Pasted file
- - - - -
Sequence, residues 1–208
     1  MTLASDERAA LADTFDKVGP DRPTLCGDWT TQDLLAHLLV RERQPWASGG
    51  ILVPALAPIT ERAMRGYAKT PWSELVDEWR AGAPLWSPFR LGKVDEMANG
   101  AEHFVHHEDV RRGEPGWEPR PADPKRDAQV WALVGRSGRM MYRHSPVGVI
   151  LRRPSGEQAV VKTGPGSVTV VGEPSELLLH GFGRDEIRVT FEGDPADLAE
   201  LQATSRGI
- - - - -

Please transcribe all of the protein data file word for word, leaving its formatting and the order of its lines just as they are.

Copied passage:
Sequence, residues 1–208
     1  MTLASDERAA LADTFDKVGP DRPTLCGDWT TQDLLAHLLV RERQPWASGG
    51  ILVPALAPIT ERAMRGYAKT PWSELVDEWR AGAPLWSPFR LGKVDEMANG
   101  AEHFVHHEDV RRGEPGWEPR PADPKRDAQV WALVGRSGRM MYRHSPVGVI
   151  LRRPSGEQAV VKTGPGSVTV VGEPSELLLH GFGRDEIRVT FEGDPADLAE
   201  LQATSRGI